Women: Get Pap tests every three years starting at 21-years-old
Women: Get HPV tests after 30-years-old; check with doctor about frequency
Children: Vaccinate against HPV starting at 12-years-old
Poster overview of Gynecologic Cancers, and their signs and symptoms
Cervical Cancer Awareness month. Represented by the color teal, the nation-wide initiative aims to increase
awareness about cervical cancer, HPV, and the importance of early detection.
Local chapters and events also raise funds for research into cause, prevention,
diagnosis, treatment, and to eventually find a cure.
Early-detection is key for prevention and treatment of cervical cancer.
“Cervical cancer is one of the easiest gynecological cancers to
prevent with regular screening tests,” Dr. Monique Small, CBHA obstetrician/gynecologist,
said. “There are two screening tests proven effective to detect
cervical cancer early.” The first is a Pap test. With this test,
cells are collected and sent to a laboratory to look for any abnormalities.
“We recommend young women begin screening with this test at the
age of 21,” Dr. Small suggested. “Follow-up screenings then
occur every three years, regardless of the age of onset in sexual activity.”
The second test screens for Human Papilloma Virus, or HPV. “The human
papilloma virus (HPV) is the leading cause of cervical cancer,”
Dr. Small said. “The Pap and HPV tests can be combined for early
detection. If both of these tests are normal, no further testing is necessary
again for another five years.”
Dr. Small says the HPV screening exam is recommended to start around the
age of 30. She advises that women work with a gynecologist or primary
care provider to find out the recommended frequency of screenings after
age 30. “There are many guidelines out there, and it can be confusing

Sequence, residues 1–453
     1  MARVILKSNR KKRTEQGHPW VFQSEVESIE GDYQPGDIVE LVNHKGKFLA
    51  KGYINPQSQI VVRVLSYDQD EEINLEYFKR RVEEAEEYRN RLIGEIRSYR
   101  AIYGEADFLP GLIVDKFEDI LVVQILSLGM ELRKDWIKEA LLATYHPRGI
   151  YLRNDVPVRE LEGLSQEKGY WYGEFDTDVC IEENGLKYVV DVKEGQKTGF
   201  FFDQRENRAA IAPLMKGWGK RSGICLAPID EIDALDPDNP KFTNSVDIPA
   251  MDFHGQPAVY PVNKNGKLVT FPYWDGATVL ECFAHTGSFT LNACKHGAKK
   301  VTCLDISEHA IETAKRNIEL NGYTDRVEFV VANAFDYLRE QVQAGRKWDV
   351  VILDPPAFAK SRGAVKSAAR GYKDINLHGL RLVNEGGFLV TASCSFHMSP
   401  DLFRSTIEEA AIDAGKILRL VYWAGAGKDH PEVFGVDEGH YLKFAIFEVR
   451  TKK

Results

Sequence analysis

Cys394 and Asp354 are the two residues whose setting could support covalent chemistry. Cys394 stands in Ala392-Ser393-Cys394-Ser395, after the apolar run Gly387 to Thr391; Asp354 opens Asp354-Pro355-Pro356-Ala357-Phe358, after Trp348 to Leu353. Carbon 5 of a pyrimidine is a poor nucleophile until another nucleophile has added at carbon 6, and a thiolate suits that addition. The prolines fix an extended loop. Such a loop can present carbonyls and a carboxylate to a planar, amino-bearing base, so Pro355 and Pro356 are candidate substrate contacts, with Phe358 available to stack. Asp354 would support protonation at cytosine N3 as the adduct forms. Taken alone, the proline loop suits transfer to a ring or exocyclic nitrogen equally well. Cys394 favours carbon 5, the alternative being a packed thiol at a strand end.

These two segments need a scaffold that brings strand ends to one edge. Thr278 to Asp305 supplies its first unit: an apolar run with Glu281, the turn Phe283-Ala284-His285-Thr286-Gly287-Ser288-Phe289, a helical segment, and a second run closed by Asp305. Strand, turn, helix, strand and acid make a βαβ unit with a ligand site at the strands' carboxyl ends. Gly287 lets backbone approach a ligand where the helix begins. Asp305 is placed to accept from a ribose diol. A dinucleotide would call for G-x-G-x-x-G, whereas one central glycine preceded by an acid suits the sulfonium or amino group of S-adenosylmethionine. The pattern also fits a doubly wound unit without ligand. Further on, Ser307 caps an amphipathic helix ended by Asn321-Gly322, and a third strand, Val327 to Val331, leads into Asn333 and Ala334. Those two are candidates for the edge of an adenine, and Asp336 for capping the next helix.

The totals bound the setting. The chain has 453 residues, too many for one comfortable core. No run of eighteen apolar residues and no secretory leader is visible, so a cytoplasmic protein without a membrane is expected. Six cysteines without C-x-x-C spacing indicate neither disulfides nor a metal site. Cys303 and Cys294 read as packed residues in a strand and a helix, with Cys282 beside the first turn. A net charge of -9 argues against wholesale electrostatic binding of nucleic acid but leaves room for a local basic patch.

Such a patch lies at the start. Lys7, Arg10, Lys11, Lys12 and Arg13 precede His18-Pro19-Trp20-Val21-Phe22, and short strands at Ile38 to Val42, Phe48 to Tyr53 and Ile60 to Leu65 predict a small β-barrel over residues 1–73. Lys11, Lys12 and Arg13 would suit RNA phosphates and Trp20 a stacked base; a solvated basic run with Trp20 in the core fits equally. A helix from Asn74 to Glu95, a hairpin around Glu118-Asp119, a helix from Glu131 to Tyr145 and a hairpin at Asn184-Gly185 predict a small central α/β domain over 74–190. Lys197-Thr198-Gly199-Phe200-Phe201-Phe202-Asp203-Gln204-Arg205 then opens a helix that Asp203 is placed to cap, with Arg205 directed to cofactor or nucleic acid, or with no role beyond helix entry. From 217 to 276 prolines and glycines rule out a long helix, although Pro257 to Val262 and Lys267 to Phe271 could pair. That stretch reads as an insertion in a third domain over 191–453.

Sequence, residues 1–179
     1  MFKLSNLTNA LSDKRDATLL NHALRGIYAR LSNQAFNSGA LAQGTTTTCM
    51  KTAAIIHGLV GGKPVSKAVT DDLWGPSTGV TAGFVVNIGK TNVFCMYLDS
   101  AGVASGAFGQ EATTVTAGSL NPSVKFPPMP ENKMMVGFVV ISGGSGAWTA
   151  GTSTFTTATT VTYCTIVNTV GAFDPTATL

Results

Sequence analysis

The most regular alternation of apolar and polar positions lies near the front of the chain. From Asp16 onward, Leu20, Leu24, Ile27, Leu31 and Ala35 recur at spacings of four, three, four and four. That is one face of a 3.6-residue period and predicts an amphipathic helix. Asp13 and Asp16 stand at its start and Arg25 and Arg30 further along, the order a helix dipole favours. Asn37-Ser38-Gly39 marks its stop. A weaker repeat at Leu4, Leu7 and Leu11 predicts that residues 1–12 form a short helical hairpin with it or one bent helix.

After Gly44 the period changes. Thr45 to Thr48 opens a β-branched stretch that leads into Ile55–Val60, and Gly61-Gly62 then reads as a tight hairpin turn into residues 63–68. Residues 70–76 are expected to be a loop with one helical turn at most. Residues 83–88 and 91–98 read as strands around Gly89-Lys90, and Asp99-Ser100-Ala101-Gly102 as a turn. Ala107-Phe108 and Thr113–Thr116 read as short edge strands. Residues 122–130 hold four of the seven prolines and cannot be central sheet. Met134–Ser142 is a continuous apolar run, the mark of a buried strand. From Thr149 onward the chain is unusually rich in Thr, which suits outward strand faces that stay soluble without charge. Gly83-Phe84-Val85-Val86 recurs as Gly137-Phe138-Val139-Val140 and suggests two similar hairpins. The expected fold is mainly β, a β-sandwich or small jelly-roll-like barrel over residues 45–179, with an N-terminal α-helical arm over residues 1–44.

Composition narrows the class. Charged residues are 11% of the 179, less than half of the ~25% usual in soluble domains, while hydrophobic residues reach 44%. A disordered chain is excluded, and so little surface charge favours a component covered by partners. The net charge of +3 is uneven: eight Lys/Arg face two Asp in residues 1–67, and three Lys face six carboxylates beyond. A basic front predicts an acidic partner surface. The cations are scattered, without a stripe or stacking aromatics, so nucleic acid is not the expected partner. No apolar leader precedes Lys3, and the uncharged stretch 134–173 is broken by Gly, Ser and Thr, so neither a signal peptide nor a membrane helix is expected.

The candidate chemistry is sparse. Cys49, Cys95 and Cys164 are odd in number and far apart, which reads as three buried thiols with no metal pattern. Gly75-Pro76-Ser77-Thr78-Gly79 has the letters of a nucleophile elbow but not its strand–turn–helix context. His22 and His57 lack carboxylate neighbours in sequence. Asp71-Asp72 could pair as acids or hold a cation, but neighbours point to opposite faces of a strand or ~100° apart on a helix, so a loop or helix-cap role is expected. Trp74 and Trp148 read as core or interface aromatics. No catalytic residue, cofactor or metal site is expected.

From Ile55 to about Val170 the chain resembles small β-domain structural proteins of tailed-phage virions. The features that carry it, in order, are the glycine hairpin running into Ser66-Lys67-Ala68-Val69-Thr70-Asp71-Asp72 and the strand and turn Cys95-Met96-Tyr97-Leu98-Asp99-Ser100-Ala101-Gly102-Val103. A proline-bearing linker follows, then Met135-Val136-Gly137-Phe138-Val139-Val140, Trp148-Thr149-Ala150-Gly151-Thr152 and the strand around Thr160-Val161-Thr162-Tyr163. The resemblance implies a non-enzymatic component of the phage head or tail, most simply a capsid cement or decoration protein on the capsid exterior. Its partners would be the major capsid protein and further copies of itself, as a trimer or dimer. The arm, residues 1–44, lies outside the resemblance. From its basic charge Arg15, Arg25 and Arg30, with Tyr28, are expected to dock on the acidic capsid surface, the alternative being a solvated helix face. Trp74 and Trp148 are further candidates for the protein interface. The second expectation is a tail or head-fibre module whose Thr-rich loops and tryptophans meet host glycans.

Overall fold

for patients because they change frequently,” Dr. Small said. “We
like to look at our patients’ medical history, and make a decision
with them about how often they should be screened.” The important
takeaway is that women remember to get the screening done!
Protect Our Children – Available Vaccines
HPV is one of the most common sexually transmitted diseases, and causes
almost all incidents of cervical cancer. When a female is infected with
HPV, and the virus does not go away on its own, abnormal cells develop
in the lining of her cervix. If these cells are not caught early by a
Pap test or HPV screening, and then subsequently treated, pre-cancer and
cancerous cells can develop.
There are currently two vaccines available to help prevent certain types
of cervical cancer: Gardasil and Cervarix. The FDA (Food Drug Administration)
has approved Gardasil for use in females and males from ages nine to 26.
The vaccine prevents four types of HPV that can lead to the development
of cervical and other varieties of cancer.
Cervarix is also FDA-approved for prevention of cervical cancer caused
by two different types of HPV. The CDC (Center for Disease Control) recommends
that all kids, starting at 11- or 12-years-old, should get the three-dose
series of the Cervarix vaccine to protect against HPV. For teen boys and
girls who did not start or finish the HPV vaccine series when they were
younger, they should get it now. Young women can get the HPV-vaccine series
through the age of 26, and young men can get vaccinated through age 21.
The subject of disease prevention, and especially of sexually transmitted
diseases, is a sensitive issue. “We advise our patients to talk
to their medical providers about the vaccines, and decide which one will
be the best fit for their child,” Dr. Small said. “These vaccines
are proving effective against preventing cervical cancer in adulthood.”
Get involved in the Cervical Cancer Awareness campaign by wearing the teal
ribbon, distributing handouts and flyers within your community, attending
fundraiser event, sharing information about cervical cancer and HPV on
social media, and visiting your medical provider for screening tests and
Call 509-488-5256 to schedule an appointment with a medical provider at
your local CBHA clinic.